The incident reports of the first two officers on the scene are here (PDF). If the police reports are even remotely accurate, there are only two reasonable explanations for Gates' behavior: either he (not the Cambridge police), was being remarkably stupid or he was deliberately provoking an incident.

Gates' version is quite different, but unlike the officers' reports, his doesn't provide quotes or characterize how things were said and the parties acted. It sounds like a sterile narrative created by his lawyer and, in my opinion, lacks the ring of truth.

So, not having been there, how can we — or the President — decide whether the arresting officer was "racially profiling" Gates or reacting reasonably to the circumstances and to Gates' behavior? Well, we might want to consider this about the man before rushing to condemn him:

Cambridge Sgt. James Crowley has taught a class on racial profiling for five years at the Lowell Police Academy after being hand picked by for the job by former police Commissioner Ronny Watson, who is black, said Academy Director Thomas Fleming.

"I have nothing but the highest respect for him as a police officer. He is very professional and he is a good role model for the young recruits in the police academy," Fleming told The Associated Press on Thursday.

The course, called "Racial Profiling," teaches about different cultures that officers could encounter in their community "and how you don't want to single people out because of their ethnic background or the culture they come from," Fleming said. The academy trains cadets for cities across the region.

I think the Prez may owe Sgt. Crowley an apology. His taking of sides was at least premature.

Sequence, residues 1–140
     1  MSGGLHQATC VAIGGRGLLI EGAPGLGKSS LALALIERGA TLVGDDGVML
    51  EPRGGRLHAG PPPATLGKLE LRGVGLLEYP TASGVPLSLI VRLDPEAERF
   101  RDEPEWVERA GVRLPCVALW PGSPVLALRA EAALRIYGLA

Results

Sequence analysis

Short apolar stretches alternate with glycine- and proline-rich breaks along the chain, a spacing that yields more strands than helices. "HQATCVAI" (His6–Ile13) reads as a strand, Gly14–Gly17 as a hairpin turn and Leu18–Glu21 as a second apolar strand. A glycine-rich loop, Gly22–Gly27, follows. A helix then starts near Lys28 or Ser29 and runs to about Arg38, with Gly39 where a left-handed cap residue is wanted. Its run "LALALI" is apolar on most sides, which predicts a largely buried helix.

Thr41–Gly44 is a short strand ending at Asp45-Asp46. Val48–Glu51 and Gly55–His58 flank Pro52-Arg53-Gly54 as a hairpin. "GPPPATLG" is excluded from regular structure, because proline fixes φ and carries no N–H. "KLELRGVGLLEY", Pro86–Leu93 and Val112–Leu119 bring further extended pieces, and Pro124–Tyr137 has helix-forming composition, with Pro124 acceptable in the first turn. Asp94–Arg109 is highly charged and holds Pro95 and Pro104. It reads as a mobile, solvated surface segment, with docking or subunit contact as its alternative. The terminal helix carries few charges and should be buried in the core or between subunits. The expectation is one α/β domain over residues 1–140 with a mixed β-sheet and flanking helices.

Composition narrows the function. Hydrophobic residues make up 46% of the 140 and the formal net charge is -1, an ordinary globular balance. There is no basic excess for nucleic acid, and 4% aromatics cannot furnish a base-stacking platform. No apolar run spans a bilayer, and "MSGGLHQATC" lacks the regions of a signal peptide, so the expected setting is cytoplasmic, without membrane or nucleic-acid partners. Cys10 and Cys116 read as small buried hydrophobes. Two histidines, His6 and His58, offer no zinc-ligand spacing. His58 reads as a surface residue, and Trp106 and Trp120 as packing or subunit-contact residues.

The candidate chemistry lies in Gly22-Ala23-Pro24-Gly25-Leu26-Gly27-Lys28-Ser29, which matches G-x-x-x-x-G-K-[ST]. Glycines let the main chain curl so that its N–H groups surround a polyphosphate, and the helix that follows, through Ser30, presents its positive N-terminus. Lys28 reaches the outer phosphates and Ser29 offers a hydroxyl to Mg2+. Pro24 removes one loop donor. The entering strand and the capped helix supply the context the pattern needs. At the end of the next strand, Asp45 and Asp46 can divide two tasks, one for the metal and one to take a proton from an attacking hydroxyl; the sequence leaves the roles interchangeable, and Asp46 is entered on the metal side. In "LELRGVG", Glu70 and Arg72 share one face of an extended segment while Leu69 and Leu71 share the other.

* While you're visiting, be sure to check out The Obamas. I especially liked #47. A friend sent me #44 the other day — I love that duck!

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4 Responses to “Breaking into your own home”

  1. Hathor said

    It’s unfortunate that you will never have your “n**ger moment” to compare.

  2. rgcombs said

    Sorry, I felt compelled to slightly edit one word of your comment. I don’t want this post to turn up in a search for that word.

    As I suggested in my post, I certainly don’t deny that such moments occur. But I’m convinced that they occur far less frequently than they once did. And they’re becoming less frequent all the time, thanks at least in part to people like Sgt. Crowley and the “Racial Profiling” course he’s been teaching for five years.

    Regardless of your sex, race, national origin, or social class, the first rule of interacting with the police is simply this: Do ”not” “yo mama” a police officer.

  3. Hathor said

    I guess you know how many crazies would show up.

    “Yo Mamma” doesn’t ring true for me. I have not listened to Gates statement, but when our generation says it, you expect a fight or in this case an arrest. That is more than playing the dozens.

  4. Hathor said

    I wouldn’t know the statistics, but I did notice my son got stopped by the police more when we moved into a predominately white section of the neighborhood. We live behind a university, which he attended and wearing the school logo didn’t make them think that he belonged either. This was not 20 years ago but as recent ago 2 years ago until he moved.

    So I don’t think he would think there are fewer incidents.